14 Aug Fallen
BY: Jobi Cates, Founder & Executive Director, Restore Justice
She was probably in her 80s; clear, dark skin, perfectly coiffed hair. Peach colored dress. Quick with a smile. A younger woman, a daughter, maybe, was helping her along.
Everyone in line with the lady-in-peach, including me, was shifting nervously, making small-talk, anxious to get through the security process to reunite. Each of us came to visit someone in this maximum security prison. Sons, brothers, grandpas, friends, cousins, boyfriends, husbands.
The lady-in-peach, her maybe-a-daughter, and their loved one lit up when they saw one another in the visiting room. (I love looking around when I first enter, love to see people hug and smile and hold each others’ faces and hands. Children scooped up and squeezed. It’s a happy moment, happier than you’d imagine.)
When I needed to end my visit, I spoke with the desk Sergeant to see if a guard could come and get me. The Sergeant kindly told me she had been asking for a guard to come for some time, and she looked anxious. Twenty-five minutes earlier, she had called for someone to come and take the lady-in-peach to the restroom. It seemed her call had been ignored.
The visiting room at this facility has no restroom. A prison that holds more than 3,000 men, and there is only one toilet for all visitors, located in a remote visitor center. To use it, you must be escorted through three locked doors, a stretch outside, and one more locked door. Buzzers. Pauses. Lines.
Another ten minutes pass before a guard finally comes to take us out. I turned to smile at the lady-in-peach, and she looked into my eyes, hers red rimmed, and started to run toward the door, an acrid smell in her wake.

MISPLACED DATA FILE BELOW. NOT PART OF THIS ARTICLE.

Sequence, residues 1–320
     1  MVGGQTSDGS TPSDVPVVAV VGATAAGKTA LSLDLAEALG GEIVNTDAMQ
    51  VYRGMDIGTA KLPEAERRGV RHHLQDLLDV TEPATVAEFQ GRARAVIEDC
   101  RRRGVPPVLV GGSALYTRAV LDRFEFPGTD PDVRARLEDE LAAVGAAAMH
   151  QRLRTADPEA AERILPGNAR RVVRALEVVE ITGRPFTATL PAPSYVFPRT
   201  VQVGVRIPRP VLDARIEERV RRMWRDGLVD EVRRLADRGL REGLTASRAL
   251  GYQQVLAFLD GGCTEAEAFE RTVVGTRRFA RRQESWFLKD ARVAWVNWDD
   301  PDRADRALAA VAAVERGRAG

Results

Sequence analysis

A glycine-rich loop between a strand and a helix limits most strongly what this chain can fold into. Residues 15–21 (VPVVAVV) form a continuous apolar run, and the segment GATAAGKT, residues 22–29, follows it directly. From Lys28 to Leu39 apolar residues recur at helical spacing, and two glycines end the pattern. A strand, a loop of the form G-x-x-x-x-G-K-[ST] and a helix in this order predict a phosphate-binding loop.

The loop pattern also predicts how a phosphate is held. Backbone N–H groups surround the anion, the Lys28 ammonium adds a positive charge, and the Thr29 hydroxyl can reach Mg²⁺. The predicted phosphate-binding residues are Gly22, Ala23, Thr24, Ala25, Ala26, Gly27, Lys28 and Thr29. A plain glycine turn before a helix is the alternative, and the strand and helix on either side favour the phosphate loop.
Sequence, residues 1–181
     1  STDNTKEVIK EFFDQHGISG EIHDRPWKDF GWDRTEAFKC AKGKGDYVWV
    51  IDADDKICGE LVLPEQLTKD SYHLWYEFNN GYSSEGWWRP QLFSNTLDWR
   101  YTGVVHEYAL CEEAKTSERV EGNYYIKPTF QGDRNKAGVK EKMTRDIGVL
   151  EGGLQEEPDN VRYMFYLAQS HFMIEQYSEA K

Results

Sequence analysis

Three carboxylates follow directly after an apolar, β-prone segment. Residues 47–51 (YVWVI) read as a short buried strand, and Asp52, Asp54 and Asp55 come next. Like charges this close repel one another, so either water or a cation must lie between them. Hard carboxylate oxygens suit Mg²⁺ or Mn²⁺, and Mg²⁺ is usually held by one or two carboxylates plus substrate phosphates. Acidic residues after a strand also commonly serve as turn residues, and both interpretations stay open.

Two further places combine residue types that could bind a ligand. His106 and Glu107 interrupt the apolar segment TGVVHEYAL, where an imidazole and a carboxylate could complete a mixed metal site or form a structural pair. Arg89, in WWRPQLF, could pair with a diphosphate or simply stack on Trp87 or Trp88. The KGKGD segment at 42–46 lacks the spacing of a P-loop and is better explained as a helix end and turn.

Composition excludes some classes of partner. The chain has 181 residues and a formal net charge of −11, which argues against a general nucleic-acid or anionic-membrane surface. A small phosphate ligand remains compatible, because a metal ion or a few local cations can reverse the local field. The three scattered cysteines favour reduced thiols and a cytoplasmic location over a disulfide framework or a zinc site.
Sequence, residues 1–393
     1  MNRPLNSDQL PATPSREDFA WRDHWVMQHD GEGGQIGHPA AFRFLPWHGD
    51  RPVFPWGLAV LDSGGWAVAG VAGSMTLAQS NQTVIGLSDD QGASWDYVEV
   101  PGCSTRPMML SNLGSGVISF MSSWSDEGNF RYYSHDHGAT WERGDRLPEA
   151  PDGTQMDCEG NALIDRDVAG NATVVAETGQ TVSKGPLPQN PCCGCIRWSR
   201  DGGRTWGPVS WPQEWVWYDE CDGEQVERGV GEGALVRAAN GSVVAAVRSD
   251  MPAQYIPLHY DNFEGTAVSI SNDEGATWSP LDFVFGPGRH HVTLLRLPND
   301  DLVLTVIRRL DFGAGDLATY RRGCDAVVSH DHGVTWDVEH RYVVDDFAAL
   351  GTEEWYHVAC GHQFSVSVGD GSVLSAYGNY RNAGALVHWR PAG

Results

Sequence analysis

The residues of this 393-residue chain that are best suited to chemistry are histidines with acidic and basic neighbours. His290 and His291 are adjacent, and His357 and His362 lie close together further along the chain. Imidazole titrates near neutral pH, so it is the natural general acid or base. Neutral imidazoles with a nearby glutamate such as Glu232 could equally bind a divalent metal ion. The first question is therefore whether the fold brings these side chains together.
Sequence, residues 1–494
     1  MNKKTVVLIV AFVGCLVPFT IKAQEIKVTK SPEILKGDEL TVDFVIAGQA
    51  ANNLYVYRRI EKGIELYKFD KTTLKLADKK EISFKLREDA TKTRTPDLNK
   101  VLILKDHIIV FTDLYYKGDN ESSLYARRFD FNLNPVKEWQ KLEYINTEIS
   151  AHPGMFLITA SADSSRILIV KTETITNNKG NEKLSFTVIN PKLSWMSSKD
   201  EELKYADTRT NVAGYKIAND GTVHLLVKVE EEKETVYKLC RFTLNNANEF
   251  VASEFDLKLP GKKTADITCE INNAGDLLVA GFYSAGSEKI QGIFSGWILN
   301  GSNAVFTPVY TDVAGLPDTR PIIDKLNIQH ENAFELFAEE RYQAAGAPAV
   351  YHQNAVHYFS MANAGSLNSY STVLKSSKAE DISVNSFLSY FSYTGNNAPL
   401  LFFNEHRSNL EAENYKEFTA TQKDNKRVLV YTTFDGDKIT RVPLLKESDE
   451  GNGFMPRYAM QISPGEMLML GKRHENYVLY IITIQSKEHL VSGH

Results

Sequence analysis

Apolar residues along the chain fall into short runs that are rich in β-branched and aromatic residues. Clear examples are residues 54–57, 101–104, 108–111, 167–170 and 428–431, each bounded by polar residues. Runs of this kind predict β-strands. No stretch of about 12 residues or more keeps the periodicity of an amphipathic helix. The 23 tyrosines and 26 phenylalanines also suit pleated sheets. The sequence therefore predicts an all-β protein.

She had become incontinent while waiting.
I followed her out, feeling every second it takes to get back to the one toilet available to visitors.
In the visitor center, across from the restroom, there is a large group of guards, lounging, laughing, and talking amongst themselves. Normal. They are either unaware or indifferent to the humiliation of the lady-in-peach.
A week later, I’m still thinking of the lady-in-peach and her loved ones in that visiting room. I’m still thinking about the indignities heaped upon anyone who comes in contact with our prison system. I’m wondering if anything any of us do to try to fix this system of punishment, to transform it, could ever be enough to raise us up from how far down we’ve fallen.
Mostly, I like to think I am a reasonable, professional advocate, working for positive policy reforms in the criminal justice system. I believe incremental changes make a difference. I work in a positive, constructive manner, writing issue briefs, educating policy-makers, hosting events.
But today, thinking about the lady-in-peach, I’m just another one of the fallen. Tripped, stumbling, somehow keeping my eyes open while it all keeps lumbering on. And I’m screaming.